Five Ways to Master Conflict Resolution
Conflict resolution at work is not about victory or defeat. It is about reaching a point of understanding and letting go for the larger purpose of individual and organisational growth and success.
Wherever there are individuals with different expectations and backgrounds, conflict is inevitable. Essentially, conflict arises as a result of poor communication and/or due to an individual’s inability to control their emotions.
In a work environment, where individuals with different ethnicity, cultural background, experiences and abilities come together for a higher purpose of goal attainment, just about anything from jealousy, power struggle, opposing views, position, performance discrepancies, compensation issues to ego clashes, all create conflict.
It’s important that managers, human resource professionals and those in leadership positions take it upon themselves to adopt conflict management processes to help avoid escalations.
Conflict management is a critical process of limiting the negative aspects of conflict while increasing the positive aspects of conflict. As a process, conflict management is critical in the sense that effective resolution is possible only when attempts are made to identify and resolve conflicts as soon as possible. Most importantly, it helps all parties involved to work at resolving the issue together. Keep the following five tips handy for the next time things get hot under the collar:
Define acceptable behaviours
One management practice that works in conflict management is clearly and publicly making it known what will and won’t be tolerated as acceptable behaviour. Having a definition for what constitutes acceptable behaviour in the organisation is a positive step towards avoiding conflict.
Clearly defined job descriptions, where people know what’s expected of them, along with a well-articulated chain of command to allow for effective communication greatly helps in avoiding conflicts.
Creating a framework for decision making, using a published delegation of authority statement, encouraging sound business practices in collaboration, team building, leadership development, and talent management will all help in avoiding conflict.
The secret to conflict resolution is in conflict prevention. By identifying areas of potential conflict and proactively intervening in a just and decisive manner, leads to reduction in the time spent on identifying and understanding natural tensions thereby helping to avoid unnecessary conflict.
If a conflict does flair up, managers will be able to respond quickly, minimising conflict severity.
Listen with the intent of understanding
Some conflicts are unavoidable. An employee overpowered by anger in a situation will most likely not listen to any reason and will respond only with the intent of arguing back.
Defusing anger is the first step to effective conflict resolution. In order to diffuse an individual’s anger, one must listen to the angry employee until they begin to calm down. Only once an individual feels heard, will they begin to feel safe again and their defense-mechanisms will lower down.
Listening with the intent of understanding helps unmask the actual fear, frustration or hurt that the employee is feeling. Listen to the intent and the emotions behind the harsh angry words and respond with understanding to bring back the productive team mate. Research shows that unresolved feelings not only lead to unhappy, resentful employees but also employees who have lower productivity.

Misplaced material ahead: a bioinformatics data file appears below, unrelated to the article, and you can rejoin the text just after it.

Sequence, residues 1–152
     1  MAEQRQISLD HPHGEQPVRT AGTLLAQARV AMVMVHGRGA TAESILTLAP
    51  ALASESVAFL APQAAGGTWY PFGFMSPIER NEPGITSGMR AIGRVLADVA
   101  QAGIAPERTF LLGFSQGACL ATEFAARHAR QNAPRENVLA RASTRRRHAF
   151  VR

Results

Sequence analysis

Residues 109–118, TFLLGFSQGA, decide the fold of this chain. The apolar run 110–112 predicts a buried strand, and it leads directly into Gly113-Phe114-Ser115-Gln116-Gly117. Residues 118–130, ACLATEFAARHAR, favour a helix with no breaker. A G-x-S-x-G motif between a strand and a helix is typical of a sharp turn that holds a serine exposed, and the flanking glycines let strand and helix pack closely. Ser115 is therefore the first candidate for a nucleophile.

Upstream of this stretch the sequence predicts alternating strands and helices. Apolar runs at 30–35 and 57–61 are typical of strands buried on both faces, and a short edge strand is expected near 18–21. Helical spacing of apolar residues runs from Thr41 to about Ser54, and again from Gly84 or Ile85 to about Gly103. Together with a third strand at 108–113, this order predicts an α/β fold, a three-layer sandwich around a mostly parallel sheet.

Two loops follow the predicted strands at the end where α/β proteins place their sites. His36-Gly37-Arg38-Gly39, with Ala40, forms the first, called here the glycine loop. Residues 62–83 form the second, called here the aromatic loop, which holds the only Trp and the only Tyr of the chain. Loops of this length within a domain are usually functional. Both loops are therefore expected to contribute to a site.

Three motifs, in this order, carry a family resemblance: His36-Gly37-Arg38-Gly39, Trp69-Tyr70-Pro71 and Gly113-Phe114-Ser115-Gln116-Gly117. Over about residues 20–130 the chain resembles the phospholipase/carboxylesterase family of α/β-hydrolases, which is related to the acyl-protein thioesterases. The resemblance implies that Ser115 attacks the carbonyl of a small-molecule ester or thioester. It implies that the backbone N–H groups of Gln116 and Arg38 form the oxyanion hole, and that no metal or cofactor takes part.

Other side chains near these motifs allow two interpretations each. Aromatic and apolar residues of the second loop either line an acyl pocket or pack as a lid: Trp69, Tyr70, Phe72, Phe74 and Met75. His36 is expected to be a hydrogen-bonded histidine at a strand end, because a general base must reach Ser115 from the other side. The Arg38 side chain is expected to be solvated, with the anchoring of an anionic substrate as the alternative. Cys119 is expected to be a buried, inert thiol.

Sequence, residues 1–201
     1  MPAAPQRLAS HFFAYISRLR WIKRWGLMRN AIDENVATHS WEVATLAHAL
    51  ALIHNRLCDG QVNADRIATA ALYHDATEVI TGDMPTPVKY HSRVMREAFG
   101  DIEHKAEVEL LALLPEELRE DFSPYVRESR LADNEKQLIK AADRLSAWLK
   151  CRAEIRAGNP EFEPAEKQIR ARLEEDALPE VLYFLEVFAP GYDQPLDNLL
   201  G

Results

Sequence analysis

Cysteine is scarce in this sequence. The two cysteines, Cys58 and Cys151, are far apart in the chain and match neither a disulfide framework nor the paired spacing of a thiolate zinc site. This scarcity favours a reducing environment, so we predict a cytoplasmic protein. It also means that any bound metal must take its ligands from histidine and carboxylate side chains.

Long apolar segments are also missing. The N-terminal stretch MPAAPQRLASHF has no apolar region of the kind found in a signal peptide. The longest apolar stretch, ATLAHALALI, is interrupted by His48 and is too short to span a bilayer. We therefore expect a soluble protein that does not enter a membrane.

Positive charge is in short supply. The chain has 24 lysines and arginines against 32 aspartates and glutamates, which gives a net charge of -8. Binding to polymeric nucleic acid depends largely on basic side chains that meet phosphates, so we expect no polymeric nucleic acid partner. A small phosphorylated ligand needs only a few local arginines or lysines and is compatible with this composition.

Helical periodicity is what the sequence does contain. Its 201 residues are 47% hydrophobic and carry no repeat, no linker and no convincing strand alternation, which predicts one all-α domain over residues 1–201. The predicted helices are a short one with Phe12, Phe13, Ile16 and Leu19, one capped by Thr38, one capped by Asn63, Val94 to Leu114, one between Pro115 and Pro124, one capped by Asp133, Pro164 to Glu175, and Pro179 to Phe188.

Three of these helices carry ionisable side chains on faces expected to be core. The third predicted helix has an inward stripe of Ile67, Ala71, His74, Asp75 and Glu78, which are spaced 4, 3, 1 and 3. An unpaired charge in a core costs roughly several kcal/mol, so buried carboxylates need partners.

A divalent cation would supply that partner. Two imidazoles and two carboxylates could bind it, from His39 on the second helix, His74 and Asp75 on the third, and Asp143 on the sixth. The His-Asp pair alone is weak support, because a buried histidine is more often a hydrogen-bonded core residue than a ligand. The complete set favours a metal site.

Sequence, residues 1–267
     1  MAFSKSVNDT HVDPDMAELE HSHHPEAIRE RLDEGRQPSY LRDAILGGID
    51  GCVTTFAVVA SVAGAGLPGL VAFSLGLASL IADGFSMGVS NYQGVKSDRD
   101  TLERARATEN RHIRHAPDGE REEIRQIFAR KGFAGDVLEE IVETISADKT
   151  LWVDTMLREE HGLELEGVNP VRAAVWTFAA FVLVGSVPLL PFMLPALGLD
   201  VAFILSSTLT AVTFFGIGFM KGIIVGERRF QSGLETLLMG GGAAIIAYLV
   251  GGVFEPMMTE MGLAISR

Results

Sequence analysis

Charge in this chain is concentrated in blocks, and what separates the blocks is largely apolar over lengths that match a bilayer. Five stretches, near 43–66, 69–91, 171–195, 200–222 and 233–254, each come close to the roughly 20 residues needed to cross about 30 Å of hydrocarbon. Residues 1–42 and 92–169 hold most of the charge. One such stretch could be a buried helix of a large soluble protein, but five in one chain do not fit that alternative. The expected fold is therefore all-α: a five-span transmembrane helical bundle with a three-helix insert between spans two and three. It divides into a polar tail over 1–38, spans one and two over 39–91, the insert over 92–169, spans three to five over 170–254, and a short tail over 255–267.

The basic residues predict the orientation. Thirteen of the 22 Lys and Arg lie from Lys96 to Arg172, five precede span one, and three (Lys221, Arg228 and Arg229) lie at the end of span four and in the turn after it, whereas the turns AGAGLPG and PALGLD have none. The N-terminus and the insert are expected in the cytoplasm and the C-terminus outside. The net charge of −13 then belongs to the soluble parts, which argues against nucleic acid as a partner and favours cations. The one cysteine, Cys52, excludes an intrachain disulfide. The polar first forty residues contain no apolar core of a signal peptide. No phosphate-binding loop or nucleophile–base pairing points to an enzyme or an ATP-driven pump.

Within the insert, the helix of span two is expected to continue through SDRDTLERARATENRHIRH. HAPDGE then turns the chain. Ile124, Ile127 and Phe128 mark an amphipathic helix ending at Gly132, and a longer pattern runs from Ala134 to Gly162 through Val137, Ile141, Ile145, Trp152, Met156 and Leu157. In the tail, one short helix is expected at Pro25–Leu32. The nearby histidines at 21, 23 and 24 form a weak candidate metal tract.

Approach people and situations with empathy
Empathy is the ability to put yourself in the other person’s shoes and understand the point from their perspective.
Organisations that invest in the mental health of their employees make empathy a regular practice. Encouraging employees to spend time bonding with each other over breaks goes a long way in helping build empathy.
The more an employee is tuned in with the co-worker’s conflicts at home or work pressures, the higher the probability that they are likely to show patience in the face of an angry outburst.
Encouraging employees to practice self-awareness is another thing that helps build empathy. Research shows that self-aware individuals are in better control of their emotions and reactions than employees who lack self-awareness.
Employees can practice self-awareness by taking a couple of minutes each day to sit in silence and listen to the tone of their inner voice in order to get in touch with their feelings. Employees’ who engage with their own feelings are more aware and insightful about their likes, dislikes and challenges.
Work with a mediator
When conflict arises, emotions are at their peak and egos are at stake. Under such circumstances, leaving employees to sort things out on their own may not always be a good idea.
A trained mediator or a psychologist is often able to gain insight into the employees underlying interests by letting the employee speak about their perspective of an issue until they arrive at the one thing that is standing in the way of resolving the conflict.
It is imperative for effective conflict resolution that each participant involved feels heard and is encouraged to stop and think about what each of them in their individual capacity are bringing to the dispute.
To avoid escalation of conflict, the employees with conflicting thoughts, views or ideas must remain calm and should work around some predefined rules of mediation.
While having a conflict resolution structure is important, effective utilisation of conflict resolution processes is ultimately dependent upon the ability of all parties to understand the benefits of conflict resolution, and perhaps more importantly, a mutual willingness to resolve it.